Call for more support for overworked doctors

A total of 80 per cent of doctors say they 'often or always' work beyond their time. Picture: Getty
A total of 80 per cent of doctors say they 'often or always' work beyond their time. Picture: Getty
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The British Medical Association in Scotland has called for doctors to receive better support from government after workloads and the impact on the health of medics were criticised in a survey.

The study found that 77 per cent of the 800 respondents said their work had harmed their health and wellbeing in the past year.

Around 23 per cent of those asked sought help for the effects to their health.

BMA Scotland chairman Dr Lewis Morrison said the findings showed “NHS Scotland needs to be a better place to work”.

The study showed that 83 per cent of those who responded saw their workload increase, as well as a further 80 per cent who “often or always” work beyond their time.

The union leader has called on the Scottish Government to work with NHS boards across the country to improve conditions for medics.

Dr Morrison said: “Worryingly, our survey also found that two-thirds of doctors do not believe their employer provides sufficient support for staff wellbeing. This simply has to change.

“It is clear that caring for those who care for the people of Scotland must now be a priority. Now, next year and always.

“That is why we are asking Scottish Government and NHS boards to work together to provide improved, effective and accessible support services for staff in both general practice and hospital-based care, who are working in such high-pressure environments.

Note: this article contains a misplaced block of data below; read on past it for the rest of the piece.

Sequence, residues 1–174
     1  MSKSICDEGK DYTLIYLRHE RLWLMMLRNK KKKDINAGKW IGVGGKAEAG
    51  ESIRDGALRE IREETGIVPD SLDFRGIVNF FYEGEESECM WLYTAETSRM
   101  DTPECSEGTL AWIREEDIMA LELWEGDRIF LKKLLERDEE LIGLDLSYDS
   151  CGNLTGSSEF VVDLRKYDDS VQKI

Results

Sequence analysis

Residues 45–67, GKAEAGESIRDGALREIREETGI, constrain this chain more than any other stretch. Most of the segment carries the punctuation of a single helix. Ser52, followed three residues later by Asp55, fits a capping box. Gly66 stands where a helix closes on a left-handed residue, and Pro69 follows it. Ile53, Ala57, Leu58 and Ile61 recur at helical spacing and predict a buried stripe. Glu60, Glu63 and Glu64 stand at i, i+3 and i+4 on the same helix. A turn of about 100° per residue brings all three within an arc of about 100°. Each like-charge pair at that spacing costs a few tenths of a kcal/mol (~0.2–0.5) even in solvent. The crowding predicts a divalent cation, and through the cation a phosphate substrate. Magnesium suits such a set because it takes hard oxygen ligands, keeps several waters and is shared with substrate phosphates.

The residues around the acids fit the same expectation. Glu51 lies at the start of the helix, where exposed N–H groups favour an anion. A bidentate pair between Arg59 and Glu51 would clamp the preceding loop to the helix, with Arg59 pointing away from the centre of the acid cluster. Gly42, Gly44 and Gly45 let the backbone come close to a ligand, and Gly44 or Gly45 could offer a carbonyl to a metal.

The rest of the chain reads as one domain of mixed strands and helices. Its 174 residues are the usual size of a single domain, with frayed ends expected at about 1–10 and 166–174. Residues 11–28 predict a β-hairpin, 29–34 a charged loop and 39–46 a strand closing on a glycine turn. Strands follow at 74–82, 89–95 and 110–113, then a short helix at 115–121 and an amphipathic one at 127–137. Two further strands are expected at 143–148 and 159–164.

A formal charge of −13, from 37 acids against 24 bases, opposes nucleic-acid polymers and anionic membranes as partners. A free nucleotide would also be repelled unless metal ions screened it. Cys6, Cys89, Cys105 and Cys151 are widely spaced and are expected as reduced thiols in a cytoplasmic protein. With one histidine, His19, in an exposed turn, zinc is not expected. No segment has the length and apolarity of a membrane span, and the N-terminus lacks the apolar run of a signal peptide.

“Clearly, part of the solution is to address the level of pressure in the workplace, but until fundamental changes are made, better support for staff is an urgent need.

“We are encouraged that the Cabinet Secretary has made positive announcements on this - in particular proposals for a specific health service for doctors in Scotland mirroring that which has been shown to work elsewhere in the UK.”

However, Mr Morrison said it is important that officials are not just “treating the symptoms and not the cause”, namely funding and resources within the health service.

He said: “Doctors’ work will always be potentially stressful, but current conditions in the NHS simply aren’t sustainable and, as a result, are creating unnecessary levels of pressure on all healthcare workers. We need a properly resourced system - and that means people, not just money.

“Simply saying again and again that we have record staffing doesn’t cut it. This repeated mantra risks dismissing the concerns of and pressures on those doctors working in services with rising vacancy levels.”